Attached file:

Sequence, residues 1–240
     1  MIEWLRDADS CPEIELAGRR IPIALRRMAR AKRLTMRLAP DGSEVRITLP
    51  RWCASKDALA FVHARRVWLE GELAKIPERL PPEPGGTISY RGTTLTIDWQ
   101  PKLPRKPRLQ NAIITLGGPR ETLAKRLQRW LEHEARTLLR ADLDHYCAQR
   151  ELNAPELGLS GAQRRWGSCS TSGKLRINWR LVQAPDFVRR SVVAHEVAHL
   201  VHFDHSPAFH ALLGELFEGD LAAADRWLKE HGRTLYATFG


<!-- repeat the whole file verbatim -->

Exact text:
Sequence, residues 1–240
     1  MIEWLRDADS CPEIELAGRR IPIALRRMAR AKRLTMRLAP DGSEVRITLP
    51  RWCASKDALA FVHARRVWLE GELAKIPERL PPEPGGTISY RGTTLTIDWQ
   101  PKLPRKPRLQ NAIITLGGPR ETLAKRLQRW LEHEARTLLR ADLDHYCAQR
   151  ELNAPELGLS GAQRRWGSCS TSGKLRINWR LVQAPDFVRR SVVAHEVAHL
   201  VHFDHSPAFH ALLGELFEGD LAAADRWLKE HGRTLYATFG